I wouldn’t comment except she made such fuss about how fabulous a table she set, and all I ever saw every Thanksgiving were those aluminum foil containers on the sideboard and table (and the bottles of salad dressing on the table, paper napkins and really bad as well as warm white wine choices.) She was also one of those people who would ask you to bring something and then make something in the category of what she requested like it was a competition instead of a holiday meal. And if you arrived five minutes past her decreed holiday start time, chances were she was eating without you which I always found rude to guests who traveled a distance to be with her. I think one of my favorite Thanksgivings with this woman was when her dog stole the leftover turkey right off the counter.
Anyway, when you have had a few painful Thanksgivings like that, you learn how to craft one you can be proud of, but a holiday that won’t drive you bonkers either. The key is simplicity. The KISS theory, or keep it simple stupid. I believe even if you aren’t doing a more formal dinner, you should take the time to set the table well to complement your meal preparation. It is a holiday, not pizza night.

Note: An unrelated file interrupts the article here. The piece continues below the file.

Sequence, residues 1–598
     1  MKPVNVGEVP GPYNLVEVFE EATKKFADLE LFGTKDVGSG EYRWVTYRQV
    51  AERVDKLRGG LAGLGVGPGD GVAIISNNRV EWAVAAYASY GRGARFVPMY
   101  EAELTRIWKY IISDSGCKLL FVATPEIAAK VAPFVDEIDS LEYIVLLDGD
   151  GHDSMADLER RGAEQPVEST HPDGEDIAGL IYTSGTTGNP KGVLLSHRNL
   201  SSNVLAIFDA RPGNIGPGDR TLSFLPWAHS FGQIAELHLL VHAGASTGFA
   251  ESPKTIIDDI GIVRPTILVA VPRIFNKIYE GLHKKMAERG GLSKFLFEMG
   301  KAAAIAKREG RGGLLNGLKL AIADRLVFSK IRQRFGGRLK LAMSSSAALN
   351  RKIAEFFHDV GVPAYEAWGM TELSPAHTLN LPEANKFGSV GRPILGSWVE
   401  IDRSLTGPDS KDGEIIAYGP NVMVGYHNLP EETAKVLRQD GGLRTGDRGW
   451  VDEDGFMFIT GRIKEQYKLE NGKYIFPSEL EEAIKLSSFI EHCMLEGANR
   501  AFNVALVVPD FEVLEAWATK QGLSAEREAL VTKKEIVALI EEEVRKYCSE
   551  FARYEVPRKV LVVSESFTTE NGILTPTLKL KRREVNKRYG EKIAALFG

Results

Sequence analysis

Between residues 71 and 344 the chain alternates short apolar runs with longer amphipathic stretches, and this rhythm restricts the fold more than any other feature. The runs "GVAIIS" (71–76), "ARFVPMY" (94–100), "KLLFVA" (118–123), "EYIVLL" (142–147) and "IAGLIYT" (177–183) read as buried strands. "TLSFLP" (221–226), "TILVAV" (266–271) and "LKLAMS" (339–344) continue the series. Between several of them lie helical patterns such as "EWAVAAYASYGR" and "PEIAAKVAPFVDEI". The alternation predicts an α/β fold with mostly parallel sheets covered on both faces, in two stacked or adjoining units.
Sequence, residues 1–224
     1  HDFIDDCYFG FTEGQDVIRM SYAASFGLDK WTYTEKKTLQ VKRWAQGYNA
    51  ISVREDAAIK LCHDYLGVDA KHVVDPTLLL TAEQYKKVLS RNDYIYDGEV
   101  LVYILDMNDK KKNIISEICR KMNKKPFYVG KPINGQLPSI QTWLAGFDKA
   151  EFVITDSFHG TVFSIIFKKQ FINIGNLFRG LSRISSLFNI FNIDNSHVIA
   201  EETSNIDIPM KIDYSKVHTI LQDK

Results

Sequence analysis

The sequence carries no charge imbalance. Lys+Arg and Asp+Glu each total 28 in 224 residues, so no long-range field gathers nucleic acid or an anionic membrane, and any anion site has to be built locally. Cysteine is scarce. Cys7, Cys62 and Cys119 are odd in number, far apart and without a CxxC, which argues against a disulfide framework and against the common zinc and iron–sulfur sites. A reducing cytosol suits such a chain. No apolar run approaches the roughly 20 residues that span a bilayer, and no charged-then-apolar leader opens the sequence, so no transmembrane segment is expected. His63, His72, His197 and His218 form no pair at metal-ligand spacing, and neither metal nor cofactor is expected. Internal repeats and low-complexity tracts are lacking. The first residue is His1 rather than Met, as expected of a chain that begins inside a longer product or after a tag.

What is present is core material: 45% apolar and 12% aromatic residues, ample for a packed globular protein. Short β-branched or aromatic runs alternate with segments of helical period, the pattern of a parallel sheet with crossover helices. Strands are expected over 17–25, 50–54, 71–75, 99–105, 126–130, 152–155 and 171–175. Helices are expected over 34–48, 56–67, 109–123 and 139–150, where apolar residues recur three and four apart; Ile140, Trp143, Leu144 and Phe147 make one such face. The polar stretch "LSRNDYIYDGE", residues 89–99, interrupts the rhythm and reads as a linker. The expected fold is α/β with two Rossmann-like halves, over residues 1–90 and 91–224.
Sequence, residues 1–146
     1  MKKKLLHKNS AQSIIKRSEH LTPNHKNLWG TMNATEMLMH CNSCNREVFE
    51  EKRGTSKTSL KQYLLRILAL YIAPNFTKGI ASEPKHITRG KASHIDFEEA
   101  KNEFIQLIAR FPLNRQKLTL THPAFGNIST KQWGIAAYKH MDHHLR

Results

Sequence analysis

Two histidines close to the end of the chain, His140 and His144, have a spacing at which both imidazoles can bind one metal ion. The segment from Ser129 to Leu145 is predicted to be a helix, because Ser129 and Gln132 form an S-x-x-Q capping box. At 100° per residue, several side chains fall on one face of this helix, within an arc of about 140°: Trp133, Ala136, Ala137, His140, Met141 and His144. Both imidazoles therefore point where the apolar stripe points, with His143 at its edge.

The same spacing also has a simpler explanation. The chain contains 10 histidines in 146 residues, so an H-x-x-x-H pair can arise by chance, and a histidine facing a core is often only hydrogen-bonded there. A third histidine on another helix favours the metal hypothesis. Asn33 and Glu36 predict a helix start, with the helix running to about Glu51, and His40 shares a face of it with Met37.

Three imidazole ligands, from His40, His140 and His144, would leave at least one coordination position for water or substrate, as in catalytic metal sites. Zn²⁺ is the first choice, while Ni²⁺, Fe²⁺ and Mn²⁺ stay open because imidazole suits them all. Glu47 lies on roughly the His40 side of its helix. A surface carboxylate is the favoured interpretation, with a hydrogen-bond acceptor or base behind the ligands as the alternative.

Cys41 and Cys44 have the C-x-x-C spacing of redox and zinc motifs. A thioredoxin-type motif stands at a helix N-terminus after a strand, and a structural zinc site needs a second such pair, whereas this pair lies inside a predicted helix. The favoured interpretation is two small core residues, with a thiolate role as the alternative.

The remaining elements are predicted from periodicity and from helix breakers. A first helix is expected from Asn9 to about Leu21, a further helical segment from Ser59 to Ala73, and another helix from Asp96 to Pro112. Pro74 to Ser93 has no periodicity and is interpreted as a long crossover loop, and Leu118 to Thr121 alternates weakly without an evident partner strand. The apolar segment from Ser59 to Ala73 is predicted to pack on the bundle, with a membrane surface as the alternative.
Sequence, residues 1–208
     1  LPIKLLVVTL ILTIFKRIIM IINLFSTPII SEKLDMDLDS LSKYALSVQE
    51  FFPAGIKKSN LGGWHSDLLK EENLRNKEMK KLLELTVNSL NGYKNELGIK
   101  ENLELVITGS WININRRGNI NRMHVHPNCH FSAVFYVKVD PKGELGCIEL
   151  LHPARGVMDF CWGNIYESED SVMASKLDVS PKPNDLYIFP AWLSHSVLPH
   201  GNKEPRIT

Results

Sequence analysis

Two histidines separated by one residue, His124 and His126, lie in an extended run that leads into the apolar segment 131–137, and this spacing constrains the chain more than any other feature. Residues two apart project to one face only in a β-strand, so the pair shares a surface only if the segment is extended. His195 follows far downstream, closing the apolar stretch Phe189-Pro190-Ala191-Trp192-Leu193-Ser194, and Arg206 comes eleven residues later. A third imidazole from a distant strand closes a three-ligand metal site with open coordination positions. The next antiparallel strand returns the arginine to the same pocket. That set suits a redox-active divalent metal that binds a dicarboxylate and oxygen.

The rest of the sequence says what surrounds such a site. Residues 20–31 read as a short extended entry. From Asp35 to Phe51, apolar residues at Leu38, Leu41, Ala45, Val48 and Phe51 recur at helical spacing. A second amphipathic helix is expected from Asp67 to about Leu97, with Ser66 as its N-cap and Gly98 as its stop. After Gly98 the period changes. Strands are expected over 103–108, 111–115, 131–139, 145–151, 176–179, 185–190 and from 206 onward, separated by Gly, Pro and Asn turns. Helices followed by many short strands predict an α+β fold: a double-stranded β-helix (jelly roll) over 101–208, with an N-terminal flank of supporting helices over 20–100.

If you are doing all the cooking, realize it doesn’t have to be the proverbial last supper. The world will not end if you don’t have multiple kinds of potatoes, every Thanksgiving veggie known to man including that disgusting green bean casserole made with those deep-fried dried onion things. If you are doing a communal Thanksgiving and you are the host or hostess, lay out your menu and be clear about your assignments to other people.
Don’t forget the salad. It can be simple or seasonal, but take the time to make your own vinaigrette. So much better than the bottle.
Let’s talk stuffing. Know what I discovered yesterday when I was thinking of buying a Thanksgiving stuffing mix to cut out a step? High fructose corn syrup is an ingredient. I saw it on the ingredients list in Peppridge Farm and Arnold’s pre-bagged dried stuffing cubes. Bleck.